The new Tuas port - twice the size of Ang Mo Kio town - will be opened progressively from 2021. When completed by 2040, it can handle up to 65 million twenty-foot equivalent units of cargo a year, more than double the 2016 volumes.



















***  First phase of Tuas Port completed on 30 November 2021, greener concrete being explored for future phases
By Clement Yong, The Straits Times, 30 Nov 2021

Two berths at Tuas Port will be open for use by the end of the year, with the port's first phase of construction - comprising 21 berths - completed.

The milestone, the culmination of about 34 million hours of work, marks the one-quarter stage of the overall Tuas Port project, which is estimated to cost over $20 billion and is on schedule to be finished by the 2040s.

The opening of Singapore's fifth container port comes at an opportune time, when some of its storage facilities had to be opened ahead of schedule in the past few months to cope with the supply chain crisis.

In September, 2,000 20-foot equivalent units (TEUs) of storage space were made available at Tuas Port to store containers that were stuck here awaiting transshipment. Each TEU is the standard dimension of one shipping container.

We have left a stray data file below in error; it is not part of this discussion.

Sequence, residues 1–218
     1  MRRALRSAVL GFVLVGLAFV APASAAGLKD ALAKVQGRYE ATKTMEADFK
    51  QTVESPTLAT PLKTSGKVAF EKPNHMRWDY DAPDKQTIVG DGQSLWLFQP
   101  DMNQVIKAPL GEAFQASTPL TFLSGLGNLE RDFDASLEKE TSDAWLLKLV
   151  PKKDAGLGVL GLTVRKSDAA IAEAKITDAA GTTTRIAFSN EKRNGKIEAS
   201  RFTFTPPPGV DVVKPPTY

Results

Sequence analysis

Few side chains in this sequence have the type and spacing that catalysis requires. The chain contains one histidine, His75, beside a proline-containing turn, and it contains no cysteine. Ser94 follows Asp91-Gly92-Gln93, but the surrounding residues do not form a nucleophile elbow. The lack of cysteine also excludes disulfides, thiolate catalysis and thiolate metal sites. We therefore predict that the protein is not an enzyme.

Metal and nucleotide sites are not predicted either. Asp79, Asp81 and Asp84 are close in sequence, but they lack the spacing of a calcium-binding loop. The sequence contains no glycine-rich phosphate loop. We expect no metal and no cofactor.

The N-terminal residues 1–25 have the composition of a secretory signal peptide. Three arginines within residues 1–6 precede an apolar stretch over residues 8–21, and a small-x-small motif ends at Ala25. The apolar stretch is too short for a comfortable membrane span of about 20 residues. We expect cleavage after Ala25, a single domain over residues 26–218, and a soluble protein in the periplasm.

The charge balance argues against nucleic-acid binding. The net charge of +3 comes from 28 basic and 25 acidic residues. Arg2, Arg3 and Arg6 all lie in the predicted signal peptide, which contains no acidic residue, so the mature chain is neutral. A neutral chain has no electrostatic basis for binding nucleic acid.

At 414ha, Tuas Port Phase 1 occupies the size of 773 football fields, and will contribute another 20 million TEUs to Singapore's annual handling capacity, which currently stands at 37.2 million.

The whole of Tuas Port, when completed, will eventually be able to handle 65 million TEUs - nearly double Singapore’s current port capacity.

At a commemoration event on Tuesday (Nov 30), Transport Minister S. Iswaran said that Tuas Port Phase 1's completion was especially hard-earned due to disruptions caused by the Covid-19 pandemic in the last two years.

Work on Phase 1 began six years ago, and more than 450 companies were involved in one capacity or another.

"The completion... is a significant milestone, demonstrating our resilience amid adversity," said Mr Iswaran. "With more ships calling here (as a result of the larger capacity), Singapore will enjoy even stronger maritime connectivity. We can harness network effects to import and export more quickly and at a lower cost.



The port was first mooted in 2012 by the Government and is Singapore's fifth container port to be built since Tanjong Pagar Terminal started operations in 1972.